Banished pilot who enraged Singapore's Lee bids farewell
By D'ARCY DORAN
Associated Press Writer
SINGAPORE (AP): A Malaysian-born pilot who angered Singapore's founding father Lee Kuan Yew bid farewell to the city-state Saturday after the government ordered him to leave for good by May Day.
"There is no regret -- bit of mixed feelings -- more sadness than anything else,'' former Singapore Airlines pilot Ryan Goh told reporters before flying off to Perth, Australia.
Well-wishers saw Goh off at the airport security gate, while his 12-year-old daughter Kelly fought back tears as she kissed her father goodbye.
After 26 years in Singapore, Goh will live with his wife and their three other children in Perth. Kelly will stay in Singapore to continue her schooling.
Goh's troubles came after he led a vote in November to dismiss pilot union leaders who'd accepted proposals by Singapore Airlines -- which is majority-owned by the government -- to slash wages, lay off staff and force employees to take unpaid leave.
Lee angrily confronted Goh at a meeting with pilots in February, accusing him of stirring up trouble within the union.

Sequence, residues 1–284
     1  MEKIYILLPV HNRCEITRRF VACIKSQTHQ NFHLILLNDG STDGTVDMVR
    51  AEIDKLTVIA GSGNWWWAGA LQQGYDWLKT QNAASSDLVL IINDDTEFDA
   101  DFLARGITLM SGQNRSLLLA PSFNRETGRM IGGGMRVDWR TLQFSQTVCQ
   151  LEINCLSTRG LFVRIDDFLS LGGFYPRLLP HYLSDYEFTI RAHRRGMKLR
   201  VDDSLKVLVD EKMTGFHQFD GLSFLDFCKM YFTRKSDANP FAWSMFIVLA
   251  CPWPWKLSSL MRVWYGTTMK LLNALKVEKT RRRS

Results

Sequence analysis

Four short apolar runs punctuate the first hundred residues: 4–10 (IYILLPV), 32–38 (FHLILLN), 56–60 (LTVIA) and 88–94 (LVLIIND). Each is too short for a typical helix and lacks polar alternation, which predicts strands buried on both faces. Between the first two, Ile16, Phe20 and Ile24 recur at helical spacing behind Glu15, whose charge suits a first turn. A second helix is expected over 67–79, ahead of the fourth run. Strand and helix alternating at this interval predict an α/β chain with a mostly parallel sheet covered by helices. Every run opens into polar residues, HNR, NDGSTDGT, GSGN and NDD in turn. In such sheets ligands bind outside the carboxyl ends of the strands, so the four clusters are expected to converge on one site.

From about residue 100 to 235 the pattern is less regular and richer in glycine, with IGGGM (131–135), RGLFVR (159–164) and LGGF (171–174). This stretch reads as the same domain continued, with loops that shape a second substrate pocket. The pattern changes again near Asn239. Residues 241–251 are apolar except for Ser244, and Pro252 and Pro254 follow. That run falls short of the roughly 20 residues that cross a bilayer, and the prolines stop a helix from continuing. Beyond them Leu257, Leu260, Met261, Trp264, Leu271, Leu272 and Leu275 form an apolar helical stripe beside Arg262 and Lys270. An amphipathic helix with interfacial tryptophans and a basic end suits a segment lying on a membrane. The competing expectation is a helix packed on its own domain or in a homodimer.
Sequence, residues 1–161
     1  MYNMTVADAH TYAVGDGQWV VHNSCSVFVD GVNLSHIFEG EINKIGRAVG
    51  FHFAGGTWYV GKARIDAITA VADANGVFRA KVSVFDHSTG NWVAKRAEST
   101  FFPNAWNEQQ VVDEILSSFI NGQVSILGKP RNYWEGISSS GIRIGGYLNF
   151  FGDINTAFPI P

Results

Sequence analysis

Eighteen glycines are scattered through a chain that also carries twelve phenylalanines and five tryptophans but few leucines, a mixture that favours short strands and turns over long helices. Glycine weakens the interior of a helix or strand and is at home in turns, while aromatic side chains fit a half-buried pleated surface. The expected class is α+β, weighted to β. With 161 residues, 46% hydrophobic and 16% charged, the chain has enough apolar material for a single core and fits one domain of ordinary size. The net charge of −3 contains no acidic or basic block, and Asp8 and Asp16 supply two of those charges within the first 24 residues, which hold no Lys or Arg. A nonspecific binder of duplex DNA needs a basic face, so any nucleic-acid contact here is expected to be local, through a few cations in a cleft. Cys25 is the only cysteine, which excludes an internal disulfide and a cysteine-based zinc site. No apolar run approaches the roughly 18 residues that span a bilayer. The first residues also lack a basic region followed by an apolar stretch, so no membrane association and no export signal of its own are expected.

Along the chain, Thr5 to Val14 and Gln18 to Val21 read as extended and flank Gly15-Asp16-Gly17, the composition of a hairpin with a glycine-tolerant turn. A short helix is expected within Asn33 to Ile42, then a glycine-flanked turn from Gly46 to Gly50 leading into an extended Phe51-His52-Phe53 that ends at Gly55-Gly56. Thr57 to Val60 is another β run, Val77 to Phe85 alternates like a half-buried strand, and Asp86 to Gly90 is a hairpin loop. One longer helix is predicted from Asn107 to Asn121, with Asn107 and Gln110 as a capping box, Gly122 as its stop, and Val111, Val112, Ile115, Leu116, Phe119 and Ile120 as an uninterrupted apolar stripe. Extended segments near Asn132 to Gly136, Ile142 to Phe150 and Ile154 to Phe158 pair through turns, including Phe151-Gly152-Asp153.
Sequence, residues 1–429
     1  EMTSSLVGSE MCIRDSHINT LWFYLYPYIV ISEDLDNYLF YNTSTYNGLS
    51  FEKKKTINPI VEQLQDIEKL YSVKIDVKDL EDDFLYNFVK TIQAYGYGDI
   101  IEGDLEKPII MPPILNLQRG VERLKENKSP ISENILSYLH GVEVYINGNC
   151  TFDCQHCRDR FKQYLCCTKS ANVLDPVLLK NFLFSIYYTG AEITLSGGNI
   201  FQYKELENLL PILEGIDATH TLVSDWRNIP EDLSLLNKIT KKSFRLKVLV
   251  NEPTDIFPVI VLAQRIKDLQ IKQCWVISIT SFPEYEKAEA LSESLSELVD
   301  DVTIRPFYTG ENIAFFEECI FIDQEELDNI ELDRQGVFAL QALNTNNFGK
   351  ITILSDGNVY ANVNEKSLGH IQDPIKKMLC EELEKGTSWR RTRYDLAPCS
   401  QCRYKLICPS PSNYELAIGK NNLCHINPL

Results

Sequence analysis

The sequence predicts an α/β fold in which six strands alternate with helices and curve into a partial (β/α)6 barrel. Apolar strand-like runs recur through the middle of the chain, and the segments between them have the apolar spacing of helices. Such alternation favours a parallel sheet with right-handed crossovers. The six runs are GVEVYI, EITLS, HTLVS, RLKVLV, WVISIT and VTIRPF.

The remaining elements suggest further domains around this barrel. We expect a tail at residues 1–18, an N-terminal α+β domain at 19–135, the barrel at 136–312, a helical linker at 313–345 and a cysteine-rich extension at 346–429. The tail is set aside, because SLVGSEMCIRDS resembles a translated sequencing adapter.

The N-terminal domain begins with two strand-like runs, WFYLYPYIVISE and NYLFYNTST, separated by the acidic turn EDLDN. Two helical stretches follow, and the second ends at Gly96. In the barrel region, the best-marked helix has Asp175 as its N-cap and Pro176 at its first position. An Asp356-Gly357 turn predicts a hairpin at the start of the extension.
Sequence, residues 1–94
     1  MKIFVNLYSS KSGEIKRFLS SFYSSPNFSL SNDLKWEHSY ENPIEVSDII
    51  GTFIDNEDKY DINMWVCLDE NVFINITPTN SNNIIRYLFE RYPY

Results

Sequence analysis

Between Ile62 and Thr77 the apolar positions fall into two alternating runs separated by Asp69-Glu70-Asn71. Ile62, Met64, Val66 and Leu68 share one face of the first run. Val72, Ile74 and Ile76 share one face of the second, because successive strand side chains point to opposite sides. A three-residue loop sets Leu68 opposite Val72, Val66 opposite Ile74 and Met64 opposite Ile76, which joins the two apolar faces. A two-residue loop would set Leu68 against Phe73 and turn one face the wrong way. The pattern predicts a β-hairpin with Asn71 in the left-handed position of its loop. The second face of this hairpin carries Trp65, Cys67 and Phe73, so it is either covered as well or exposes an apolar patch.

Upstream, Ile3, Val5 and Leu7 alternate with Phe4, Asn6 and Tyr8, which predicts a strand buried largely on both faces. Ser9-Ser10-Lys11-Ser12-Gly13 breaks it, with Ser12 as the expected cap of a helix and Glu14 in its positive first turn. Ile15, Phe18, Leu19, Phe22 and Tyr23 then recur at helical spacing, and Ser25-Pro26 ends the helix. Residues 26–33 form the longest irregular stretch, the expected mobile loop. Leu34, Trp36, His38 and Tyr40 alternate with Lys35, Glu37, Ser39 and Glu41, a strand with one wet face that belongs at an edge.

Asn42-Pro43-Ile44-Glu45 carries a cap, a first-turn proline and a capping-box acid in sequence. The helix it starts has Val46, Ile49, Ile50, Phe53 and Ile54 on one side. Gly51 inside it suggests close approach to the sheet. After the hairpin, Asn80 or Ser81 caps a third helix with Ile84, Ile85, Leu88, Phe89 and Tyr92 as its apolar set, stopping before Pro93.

Lee ruled Singapore from its independence in 1965 until he stepped aside in 1990, but still has considerable clout under the title of senior minister. Two days after his meeting with Lee, Goh was ordered to leave Singapore.
Authorities branded him an "undesirable immigrant,'' and Goh said he cannot enter Singapore without applying for permission.
Singapore Airlines fired Goh last month after he lost two appeals to keep his residency rights. The airline agreed to fly him and his family to Australia, he said.
Other airlines have offered to hire Goh, but his options are limited because he needs advance permission to transit through Singapore -- a regional air hub, he said.
"Was I a scapegoat? It depends on who you ask really,'' Goh said, without elaborating.
Singapore Airlines laid off hundreds of workers after suffering its first quarterly lost in last year's second quarter, then imposed a 16.5 percent pay cut and unpaid leave.
The airline rebounded with a record S$306 million (US$180 million) profit in the following quarter -- which frustrated some employees who felt they had sacrificed too much.